- Data Article
- Open Access
Persistent organochlorine pesticide residues in cocoa beans from Ghana, a concern for public health
International Journal of Food Contaminationvolume 3, Article number: 5 (2016)
Residual levels of fifteen (15) organochlorine pesticides were determined in 32 cocoa bean samples collected from sixteen (16) selected cocoa farms in the Dormaa West District of Ghana to assess the levels of pesticides contamination.
The results show that all cocoa bean samples analysed from the study area had one or more organochlorine pesticide residues detected in them. The study revealed the presence of eight organochlorine pesticide residues in the cocoa bean samples analysed at varying concentrations. The organochlorine pesticide residues detected were aldrin (0.02–0.03 mg/kg), dieldrin (0.02–0.04 mg/kg), lindane (0.03–0.05 mg/kg), beta-HCH (0.02–0.03 mg/kg), p,p'-DDE (0.02–0.03 mg/kg), p,p'-DDD (0.02–0.04 mg/kg), p,p’-DDT (0.04–0.05 mg/kg) and methoxychlor (0.02–0.04 mg/kg). The most frequently found and abundant pesticide residue was the metabolite of DDT (p,p’-DDT) which occurred in 62.5 % of the samples, followed by lindane (56.3 %) and then beta-HCH and p,p’-DDD occurring in 50 % of the samples. None of the detected pesticide mean residues recorded from the various study sites exceeded their European Union (EU) Maximum Residue Limits (MRLs) for cocoa beans except beta-HCH at Krakrom (S3).
The levels of organochlorine pesticide residues in the fermented dried cocoa beans analysed compared to the European Union (EU) commission regulations on pesticide residues showed no health risks to consumers of cocoa beans from Ghana and no threat to cocoa export to Europe. The occurrence of organochlorine pesticide residues in the samples analysed could be due to their illegal use by farmers in the study area or due to their past use, since these chemicals are prohibited from agricultural use in Ghana. There should be regular monitoring of pesticide residues especially in cocoa beans to protect consumers from health related risks. There is a need to check and enforce regulations on the use of banned/restricted and unapproved pesticides in cocoa production in Ghana.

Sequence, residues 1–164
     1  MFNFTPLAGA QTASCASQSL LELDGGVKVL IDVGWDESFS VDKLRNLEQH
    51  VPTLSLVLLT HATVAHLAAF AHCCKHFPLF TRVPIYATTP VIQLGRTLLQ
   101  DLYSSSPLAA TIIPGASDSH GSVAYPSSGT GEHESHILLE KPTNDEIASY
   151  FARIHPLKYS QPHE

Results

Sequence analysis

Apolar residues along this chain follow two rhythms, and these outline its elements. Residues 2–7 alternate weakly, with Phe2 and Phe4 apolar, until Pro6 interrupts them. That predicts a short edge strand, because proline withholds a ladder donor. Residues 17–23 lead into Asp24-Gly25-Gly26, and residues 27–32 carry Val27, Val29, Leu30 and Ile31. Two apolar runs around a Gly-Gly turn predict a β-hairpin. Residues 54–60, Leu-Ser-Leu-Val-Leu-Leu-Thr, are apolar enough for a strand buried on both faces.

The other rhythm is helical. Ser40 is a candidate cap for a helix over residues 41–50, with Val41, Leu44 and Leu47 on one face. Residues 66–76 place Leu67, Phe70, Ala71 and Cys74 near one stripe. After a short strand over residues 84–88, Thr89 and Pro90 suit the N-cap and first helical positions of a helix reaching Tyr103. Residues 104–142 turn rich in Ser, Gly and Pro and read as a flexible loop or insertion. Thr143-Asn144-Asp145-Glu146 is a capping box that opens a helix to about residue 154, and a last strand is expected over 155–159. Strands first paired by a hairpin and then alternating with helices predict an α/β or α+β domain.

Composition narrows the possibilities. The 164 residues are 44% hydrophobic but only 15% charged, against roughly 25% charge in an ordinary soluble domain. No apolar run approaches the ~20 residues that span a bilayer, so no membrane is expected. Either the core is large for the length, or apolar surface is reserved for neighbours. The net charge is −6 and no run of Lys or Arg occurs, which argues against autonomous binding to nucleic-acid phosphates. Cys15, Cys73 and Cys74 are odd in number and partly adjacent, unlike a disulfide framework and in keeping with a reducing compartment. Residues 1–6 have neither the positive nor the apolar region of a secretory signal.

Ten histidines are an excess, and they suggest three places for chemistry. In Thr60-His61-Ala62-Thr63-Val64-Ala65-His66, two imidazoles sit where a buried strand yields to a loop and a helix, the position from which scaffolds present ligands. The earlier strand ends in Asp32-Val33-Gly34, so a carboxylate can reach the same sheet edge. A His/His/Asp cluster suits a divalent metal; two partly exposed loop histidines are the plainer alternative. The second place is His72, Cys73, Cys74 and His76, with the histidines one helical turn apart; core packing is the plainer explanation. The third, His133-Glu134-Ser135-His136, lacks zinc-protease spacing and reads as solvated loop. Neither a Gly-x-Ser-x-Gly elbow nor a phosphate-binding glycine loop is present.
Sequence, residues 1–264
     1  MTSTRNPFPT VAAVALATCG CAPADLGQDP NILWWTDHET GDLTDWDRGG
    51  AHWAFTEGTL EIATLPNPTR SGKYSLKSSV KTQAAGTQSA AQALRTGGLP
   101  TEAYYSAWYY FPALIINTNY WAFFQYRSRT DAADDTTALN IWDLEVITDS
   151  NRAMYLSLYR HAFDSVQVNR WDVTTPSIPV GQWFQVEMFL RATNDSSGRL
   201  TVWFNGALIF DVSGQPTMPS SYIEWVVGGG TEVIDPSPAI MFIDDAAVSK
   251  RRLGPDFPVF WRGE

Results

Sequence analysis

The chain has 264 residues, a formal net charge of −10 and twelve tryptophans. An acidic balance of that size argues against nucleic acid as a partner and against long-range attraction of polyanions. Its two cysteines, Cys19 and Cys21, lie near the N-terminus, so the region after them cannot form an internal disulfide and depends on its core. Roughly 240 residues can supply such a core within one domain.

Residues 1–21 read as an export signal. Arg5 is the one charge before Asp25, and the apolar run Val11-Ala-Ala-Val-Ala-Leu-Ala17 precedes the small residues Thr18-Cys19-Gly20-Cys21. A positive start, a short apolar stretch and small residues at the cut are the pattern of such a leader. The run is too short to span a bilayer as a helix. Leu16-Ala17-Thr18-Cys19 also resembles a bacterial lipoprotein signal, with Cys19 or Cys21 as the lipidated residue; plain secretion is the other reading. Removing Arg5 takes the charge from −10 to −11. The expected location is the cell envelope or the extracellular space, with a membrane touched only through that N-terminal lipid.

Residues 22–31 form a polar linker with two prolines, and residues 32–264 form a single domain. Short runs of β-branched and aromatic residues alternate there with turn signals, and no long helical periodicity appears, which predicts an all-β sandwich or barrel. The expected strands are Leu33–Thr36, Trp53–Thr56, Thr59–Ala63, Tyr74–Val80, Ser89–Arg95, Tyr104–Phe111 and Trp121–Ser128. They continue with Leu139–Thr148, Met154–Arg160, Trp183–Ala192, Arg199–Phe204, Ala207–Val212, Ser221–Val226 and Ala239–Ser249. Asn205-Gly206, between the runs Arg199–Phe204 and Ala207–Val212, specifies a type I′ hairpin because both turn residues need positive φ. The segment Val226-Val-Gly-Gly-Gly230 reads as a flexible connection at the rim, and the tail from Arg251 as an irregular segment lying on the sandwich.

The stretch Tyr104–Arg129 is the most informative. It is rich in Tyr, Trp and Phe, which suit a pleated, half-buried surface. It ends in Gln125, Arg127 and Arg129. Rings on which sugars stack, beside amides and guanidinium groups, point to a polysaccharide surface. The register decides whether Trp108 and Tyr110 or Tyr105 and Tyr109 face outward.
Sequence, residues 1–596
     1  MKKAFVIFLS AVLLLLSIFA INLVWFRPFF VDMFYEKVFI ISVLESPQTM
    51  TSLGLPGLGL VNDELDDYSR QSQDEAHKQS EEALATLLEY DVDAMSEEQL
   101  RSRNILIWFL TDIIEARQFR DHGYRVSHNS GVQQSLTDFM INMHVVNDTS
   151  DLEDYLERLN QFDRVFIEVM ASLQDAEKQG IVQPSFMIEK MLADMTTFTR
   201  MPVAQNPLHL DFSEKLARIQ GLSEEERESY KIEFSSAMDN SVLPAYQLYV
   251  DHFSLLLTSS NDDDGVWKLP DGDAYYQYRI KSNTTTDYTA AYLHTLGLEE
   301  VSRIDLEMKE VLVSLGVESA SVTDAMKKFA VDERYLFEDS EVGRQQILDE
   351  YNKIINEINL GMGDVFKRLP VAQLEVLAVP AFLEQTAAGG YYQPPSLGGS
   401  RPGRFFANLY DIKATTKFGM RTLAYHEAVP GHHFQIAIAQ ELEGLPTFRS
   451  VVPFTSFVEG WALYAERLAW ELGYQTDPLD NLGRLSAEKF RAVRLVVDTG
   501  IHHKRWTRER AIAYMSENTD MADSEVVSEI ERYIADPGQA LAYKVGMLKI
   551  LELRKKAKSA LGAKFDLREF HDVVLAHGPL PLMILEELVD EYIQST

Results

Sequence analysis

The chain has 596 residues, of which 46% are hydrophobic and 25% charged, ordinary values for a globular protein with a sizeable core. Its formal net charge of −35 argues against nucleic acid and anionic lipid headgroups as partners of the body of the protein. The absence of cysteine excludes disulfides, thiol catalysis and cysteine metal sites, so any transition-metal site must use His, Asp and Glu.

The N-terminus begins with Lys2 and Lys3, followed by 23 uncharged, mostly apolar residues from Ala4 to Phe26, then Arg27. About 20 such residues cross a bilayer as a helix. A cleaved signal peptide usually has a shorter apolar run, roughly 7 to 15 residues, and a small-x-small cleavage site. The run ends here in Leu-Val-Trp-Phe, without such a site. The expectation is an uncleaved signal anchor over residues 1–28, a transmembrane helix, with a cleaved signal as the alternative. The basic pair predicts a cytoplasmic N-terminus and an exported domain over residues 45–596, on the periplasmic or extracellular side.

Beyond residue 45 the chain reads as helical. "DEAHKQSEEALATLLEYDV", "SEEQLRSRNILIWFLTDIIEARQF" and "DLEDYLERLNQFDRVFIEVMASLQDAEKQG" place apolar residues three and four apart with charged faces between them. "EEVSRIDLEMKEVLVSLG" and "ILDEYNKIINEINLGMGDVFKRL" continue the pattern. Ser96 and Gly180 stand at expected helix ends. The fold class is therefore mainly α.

Pests and diseases are recognised as a major factor responsible for the decline in crop productivity, particularly cocoa yield in Ghana. This has resulted in increased use of pesticides in an effort to increase productivity. However, the regular application and indiscriminate use of these chemicals can have unintended environmental and human health consequences. Generally, pesticides are broadly divided into many classes of which the most important are the organochlorine pesticides (Adeyemi et al. 2011; Kuranchie-Mensah et al. 2012). Organochlorine pesticides (OCs) which are among the agrochemicals that have been used extensively for long period in Ghana (Clarke et al. 1997), particularly in cocoa production are broad spectrum synthetic organic pesticides which are made up of predominantly carbon, hydrogen, chlorine and sometimes oxygen (Afful et al. 2010; Frimpong et al. 2012a; Idowu et al. 2013; Asiedu 2013). They are composed of three broad groups or types namely; dichlorodiphenylethanes (DDT) and analogues, cyclodienes and the chlorinated benzenes or cyclohexane’s (Asiedu 2013). Organochlorine pesticides that have been widely used in cocoa production in Ghana include aldrin/dieldrin, chlordane, DDT, endrin, hexachlorobenzene, endosulfan, methoxychlor, lindane, diazinon and heptachlor (Afful et al. 2010; Owusu-Ansah et al. 2010; Frimpong et al. 2012a; Frimpong et al. 2012b; Kuranchie-Mensah et al. 2012).
Organochlorine pesticides break down slowly and can persist in the environment long after application and in organisms long after exposure (Botwe 2007; Dikshith 2008; Darko et al. 2008). They have the tendency for long range transport and trans-boundary dispersions, and their capacity to bio-accumulate in the food chain poses a great threat to the environment, wildlife and humans (Ntow 2005; Darko et al. 2008; Frimpong et al. 2012a; Frimpong et al. 2012b). They are lipophilic and may bio-accumulate in the fatty parts of biological beings such as breast milk, blood and fatty tissues when small amounts are taken up in food (William et al. 2008). Exposure to organochlorines through the consumption of a crop that has organochlorine residues may cause acute and chronic toxicities. Organochlorine pesticides have become ubiquitous contaminants and have been implicated in a wide range of adverse health effects in laboratory animals and humans (Adeyemi et al. 2011). These toxic effects include reproduction and birth defects/failures, deformities, neurological damage, immune system dysfunction, endocrine disruptions, and cancer (Ahlborg et al. 1995; Amoah et al. 2006; Sosan et al. 2008; Leena et al. 2012).